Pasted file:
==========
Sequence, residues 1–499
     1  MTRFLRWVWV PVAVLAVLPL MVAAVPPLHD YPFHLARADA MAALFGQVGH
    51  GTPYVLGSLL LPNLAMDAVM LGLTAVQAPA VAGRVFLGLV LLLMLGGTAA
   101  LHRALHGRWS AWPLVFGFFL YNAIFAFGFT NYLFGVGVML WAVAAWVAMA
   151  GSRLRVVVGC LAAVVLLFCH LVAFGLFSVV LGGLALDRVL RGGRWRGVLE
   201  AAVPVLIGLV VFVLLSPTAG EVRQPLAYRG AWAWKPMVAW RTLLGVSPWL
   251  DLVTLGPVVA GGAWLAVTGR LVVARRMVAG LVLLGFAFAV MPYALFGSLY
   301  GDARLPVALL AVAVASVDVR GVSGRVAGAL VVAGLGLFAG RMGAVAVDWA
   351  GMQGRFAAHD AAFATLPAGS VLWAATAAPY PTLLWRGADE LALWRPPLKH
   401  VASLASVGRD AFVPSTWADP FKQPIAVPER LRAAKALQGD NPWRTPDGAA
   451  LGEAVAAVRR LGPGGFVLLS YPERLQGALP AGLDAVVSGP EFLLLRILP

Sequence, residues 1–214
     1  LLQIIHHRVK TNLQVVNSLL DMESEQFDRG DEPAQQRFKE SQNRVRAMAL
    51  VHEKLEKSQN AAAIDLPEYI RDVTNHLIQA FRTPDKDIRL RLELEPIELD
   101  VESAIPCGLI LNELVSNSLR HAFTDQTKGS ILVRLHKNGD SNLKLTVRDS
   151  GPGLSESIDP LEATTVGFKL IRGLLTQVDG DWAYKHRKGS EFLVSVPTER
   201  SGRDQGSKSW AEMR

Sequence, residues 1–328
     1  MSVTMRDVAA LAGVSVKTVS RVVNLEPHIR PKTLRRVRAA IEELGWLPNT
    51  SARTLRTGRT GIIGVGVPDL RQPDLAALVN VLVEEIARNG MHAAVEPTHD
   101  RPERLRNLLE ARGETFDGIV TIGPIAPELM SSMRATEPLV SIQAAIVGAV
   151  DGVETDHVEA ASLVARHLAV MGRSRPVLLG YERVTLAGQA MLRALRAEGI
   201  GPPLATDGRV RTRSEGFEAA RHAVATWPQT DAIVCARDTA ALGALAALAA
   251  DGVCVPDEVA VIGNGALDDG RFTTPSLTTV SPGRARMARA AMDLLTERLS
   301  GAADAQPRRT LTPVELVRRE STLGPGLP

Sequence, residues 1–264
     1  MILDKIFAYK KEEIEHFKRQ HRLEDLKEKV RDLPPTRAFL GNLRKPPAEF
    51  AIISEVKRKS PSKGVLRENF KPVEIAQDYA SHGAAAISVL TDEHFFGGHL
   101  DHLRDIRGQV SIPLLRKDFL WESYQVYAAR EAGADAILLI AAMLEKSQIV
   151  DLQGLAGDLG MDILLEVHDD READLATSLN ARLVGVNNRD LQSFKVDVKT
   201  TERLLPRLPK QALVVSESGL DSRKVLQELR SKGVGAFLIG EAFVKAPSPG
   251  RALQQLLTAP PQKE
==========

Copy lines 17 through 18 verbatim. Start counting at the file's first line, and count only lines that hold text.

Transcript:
   201  SGRDQGSKSW AEMR

Sequence, residues 1–328